Jacobs Creek (formerly Jacob's Creek) is a small creek that runs through the wine-producing region of the Barossa Valley. The creek itself is only several kilometres long and flows westwards from its beginning in the Barossa Ranges, eventually meeting the North Para River. The watercourse is studded with ancient and picturesque River Red Gums.

It was first discovered (but not named) by Europeans in December 1837 by an expedition led Colonel William Light and was surveyed in 1839 by his assistant surveyor, William Jacob (1814–1902), as part of a wider survey of the Barossa region. Jacob settled here in the early 1840s, whence the origin of the name. In the local aboriginal dialect it is called "Cowieaurita", meaning "yellow-brown water", in an area known to them as Moorooroo, which became the name of the Hundred.

I snap a few photos as we wait for the guide.


This old lady looked like a witch she even had a goatee!!




The creek lent its name to the famous wine brand Jacob's Creek, which is produced by Orlando Wines, located 2 km southwest along the Barossa Valley Highway in the small town of Rowland Flat. Johann Gramp, the founder of Orlando Wines, first planted grape vines on the banks of Jacob's Creek in 1847.


Our guide is pointing out that in this container of bottles which represent the first bottle of each vintage that someone recently stole the first bottle. They likely thought it was valuable, but it has been sitting in the sun in this cabinet for years, some of the other bottles show that the wine has evaporated and some corks are beginning to swell. so the stolen bottle will likely be off.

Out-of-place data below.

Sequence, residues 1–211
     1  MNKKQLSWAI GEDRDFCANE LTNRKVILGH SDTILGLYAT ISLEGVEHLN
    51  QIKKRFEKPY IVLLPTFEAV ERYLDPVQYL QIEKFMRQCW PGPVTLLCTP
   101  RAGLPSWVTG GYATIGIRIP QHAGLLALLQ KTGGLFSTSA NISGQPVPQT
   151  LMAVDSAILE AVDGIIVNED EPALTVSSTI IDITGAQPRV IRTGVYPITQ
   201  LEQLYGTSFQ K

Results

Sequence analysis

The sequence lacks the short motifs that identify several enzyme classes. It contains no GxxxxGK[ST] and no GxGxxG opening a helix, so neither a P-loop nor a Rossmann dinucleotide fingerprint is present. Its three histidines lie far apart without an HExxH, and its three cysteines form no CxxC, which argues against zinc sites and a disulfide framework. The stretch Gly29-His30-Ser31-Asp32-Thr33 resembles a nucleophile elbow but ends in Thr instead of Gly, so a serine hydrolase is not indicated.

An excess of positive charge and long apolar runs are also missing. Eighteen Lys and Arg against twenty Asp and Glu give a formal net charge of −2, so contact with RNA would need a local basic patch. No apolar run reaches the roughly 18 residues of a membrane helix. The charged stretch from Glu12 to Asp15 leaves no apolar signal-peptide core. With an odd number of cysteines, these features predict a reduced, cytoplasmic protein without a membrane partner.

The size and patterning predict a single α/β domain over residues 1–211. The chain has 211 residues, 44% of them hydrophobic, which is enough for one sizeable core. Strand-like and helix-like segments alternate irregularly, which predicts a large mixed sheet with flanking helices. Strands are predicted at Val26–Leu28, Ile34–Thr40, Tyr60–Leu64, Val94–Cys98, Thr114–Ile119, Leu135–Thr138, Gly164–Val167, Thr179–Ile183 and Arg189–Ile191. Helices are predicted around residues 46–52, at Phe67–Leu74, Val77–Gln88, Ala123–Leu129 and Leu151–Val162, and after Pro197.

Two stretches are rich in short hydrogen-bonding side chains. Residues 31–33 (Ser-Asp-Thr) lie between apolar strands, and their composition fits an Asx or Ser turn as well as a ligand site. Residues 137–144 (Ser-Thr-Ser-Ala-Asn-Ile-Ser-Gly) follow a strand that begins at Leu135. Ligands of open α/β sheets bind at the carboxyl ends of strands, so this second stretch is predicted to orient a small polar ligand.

Now the fun part we get to try six or seven different wines, mainly white.





Our group begins to get real chatty!!


And if you wanted to try something different you just had to ask!



We were then treated to coffee and pastries.

Leaving Jacob's Creek Visitor Centre, travel to Mengler Hill Lookout for sweeping views over the
valley 







Our guide insisted on taking our photo and manages to capture the "witch"!!






Then onto Saltram Wine Estate at Angaston. Here you will learn about Saltram's 150
year history and taste some of the wide selection of quality wines from the stunning cellar door.

This is a local winery, they only sell in Australia and the UK.









After a memorable cellar door experience, journey to the South Australian Company Store and
Kitchen for a delicious lunch. The Company Kitchen draws on ingredients and traditions that are
distinctly from the Barossa regional producers. You will enjoy a scrumptious 2 course lunch
(including a tasting plate) along with wine tastings from two boutique Barossa wineries.